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3 out of 53 out of 53 out of 53 out of 53 out of 5 3.00 (163,148 ratings) (rate this audio book) Author: Geoffrey Chaucer Narrator: Ric Jerrom, Cameron Stewart, Bill Wallace, Kim Hicks, Mark Meadows, Maggie Ollerenshaw Publisher: Blackstone Audio Format: Unabridged Audiobook Delivery: Instant Download Audio Length: Release Date: November 2008 ISBN: 9781482978131
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Beyond its importance as a literary work of unvarnished genius, Geoffrey Chaucer’s unfinished epic poem is also one of the most beloved works in the English language—and for good reason: it is lively, absorbing, perceptive, and outrageously funny. But despite the brilliance of Chaucer’s work, the continual evolution of our language has rendered his words unfamiliar to many of us. Esteemed poet, translator, and scholar Burton Raffel’s magnificent new unabridged translation brings Chaucer’s poetry back to life, ensuring that none of the original’s wit, wisdom, or humanity is lost to the modern reader. This edition also features an introduction by the widely influential medievalist and author John Miles Foley that discusses Chaucer’s work as well as his life and times.

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Quotes & Awards

  • The Canterbury Tales has remained popular for seven centuries. It is the most approachable masterpiece of the medieval world, and Mr. Raffel’s translation makes the stories even more inviting.”

    Wall Street Journal

  • “Masterly…This new translation beckons us to make our own pilgrimage back to the very wellsprings of literature in our language.”

    Billy Collins, former US Poet Laureate

  • “Chaucer’s blend of humour, realism, philosophical depth, poetic virtuosity, and masterful control of dialogue and character was never matched…As a storyteller, he is supreme.”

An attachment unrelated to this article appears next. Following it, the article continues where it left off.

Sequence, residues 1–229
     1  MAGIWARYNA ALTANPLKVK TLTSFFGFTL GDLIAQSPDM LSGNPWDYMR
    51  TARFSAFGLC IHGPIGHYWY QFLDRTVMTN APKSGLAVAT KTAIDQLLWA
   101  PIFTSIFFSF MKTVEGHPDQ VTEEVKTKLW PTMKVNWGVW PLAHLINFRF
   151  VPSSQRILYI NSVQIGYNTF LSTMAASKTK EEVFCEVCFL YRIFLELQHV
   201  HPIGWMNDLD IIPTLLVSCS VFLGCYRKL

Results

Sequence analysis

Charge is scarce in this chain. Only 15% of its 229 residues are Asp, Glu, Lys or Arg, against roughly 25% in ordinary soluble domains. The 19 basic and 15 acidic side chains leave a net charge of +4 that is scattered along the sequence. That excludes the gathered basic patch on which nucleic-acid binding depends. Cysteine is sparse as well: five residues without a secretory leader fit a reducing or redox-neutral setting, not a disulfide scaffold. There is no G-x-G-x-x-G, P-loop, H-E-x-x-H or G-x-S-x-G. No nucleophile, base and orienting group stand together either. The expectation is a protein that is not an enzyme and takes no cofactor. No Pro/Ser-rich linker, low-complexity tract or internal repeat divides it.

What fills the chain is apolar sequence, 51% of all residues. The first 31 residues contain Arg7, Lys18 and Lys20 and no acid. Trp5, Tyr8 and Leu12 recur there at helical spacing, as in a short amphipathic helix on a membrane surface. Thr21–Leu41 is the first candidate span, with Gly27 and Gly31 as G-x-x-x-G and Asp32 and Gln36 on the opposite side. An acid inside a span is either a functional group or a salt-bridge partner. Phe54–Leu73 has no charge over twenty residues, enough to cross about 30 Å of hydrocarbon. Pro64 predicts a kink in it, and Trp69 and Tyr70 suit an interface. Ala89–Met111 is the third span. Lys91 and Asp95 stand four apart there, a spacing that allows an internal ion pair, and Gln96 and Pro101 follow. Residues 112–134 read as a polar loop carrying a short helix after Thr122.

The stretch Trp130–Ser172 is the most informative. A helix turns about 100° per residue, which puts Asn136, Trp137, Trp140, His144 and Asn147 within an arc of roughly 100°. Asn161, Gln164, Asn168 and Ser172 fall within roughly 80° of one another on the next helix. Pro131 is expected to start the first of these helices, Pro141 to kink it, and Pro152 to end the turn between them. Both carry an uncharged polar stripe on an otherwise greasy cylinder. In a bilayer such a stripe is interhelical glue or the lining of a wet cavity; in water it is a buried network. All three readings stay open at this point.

Cambridge Guide to Literature in English

  • “Chaucer’s genius is such that the tales reveal the personalities of their tellers…the pilgrims grow as distinct personalities as they converse and argue between stories.”

    Frank N. Magill, editor, Masterpieces of World Literature

  • “A delight…[Raffel’s translation] provides more opportunities to savor the counterpoint of Chaucer’s earthy humor against passages of piercingly beautiful lyric poetry.”

    Kirkus Reviews

Listener Opinions

  • 4 out of 54 out of 54 out of 54 out of 54 out of 5 Jas | 2/18/2014

    " This is a very good translation, preserving the basic form of the original as well as its spirit. I first read parts of it in the 1970s. "

  • 5 out of 55 out of 55 out of 55 out of 55 out of 5 Tracy | 2/18/2014

    " This is one of my absolute favorites. I love reading it in the original english too. It is a must read book. "

  • 4 out of 54 out of 54 out of 54 out of 54 out of 5 Alan | 2/16/2014

    " Haven't read all, but what I've read was a riot "

  • 3 out of 53 out of 53 out of 53 out of 53 out of 5 Denise | 2/16/2014

    " Read parts of this for a college English class many years ago. Funny stories that you wouldn't expect from something this old. Even a few risque parts for the times. "

  • 5 out of 55 out of 55 out of 55 out of 55 out of 5 Alex | 2/13/2014

    " I suppose this is my own Ulysses. Canterbury Tales is certainly one of those books, like Ulysses or Proust or Golden Bowl, that no one's actually read or if they have they hated it or if they didn't they're lying because they think it'll impress you. But I took a whole class on this in college and I had this terrific professor, and she showed me how awesome this is. Really, it's a heap of fun. Are you impressed? "

  • 3 out of 53 out of 53 out of 53 out of 53 out of 5 Jeffrey | 2/13/2014

    " I have to say that the cultural barriers between Chaucer's audience and the modern reader are what most kept me from enjoying sections of this book which just come off as tedious when they probably were very interesting when first introduced. However, Chaucer's genius, wit, and knack for social commentary continue to stand out in the Canterbury Tales. It's one of the only books I've read recently that has frequently made me laugh out loud. Undeniably a masterpiece, just has some very dry spots. "

  • 3 out of 53 out of 53 out of 53 out of 53 out of 5 Kristopher | 2/9/2014

    " Really only read about half the stories... mostly stories I've already read in other classes. Someday, I really have to dig in and read the rest of them. "

  • 4 out of 54 out of 54 out of 54 out of 54 out of 5 Laura Dumuhosky | 2/9/2014

    " This is one of the few books I really, thoroughly enjoyed in college for required reading. It's definitely a challenge, but worth getting through all the Middle English. It makes reading Shakespeare almost easy, though. So, be prepared- it is not for the faint of heart. "

  • 5 out of 55 out of 55 out of 55 out of 55 out of 5 Brad | 1/31/2014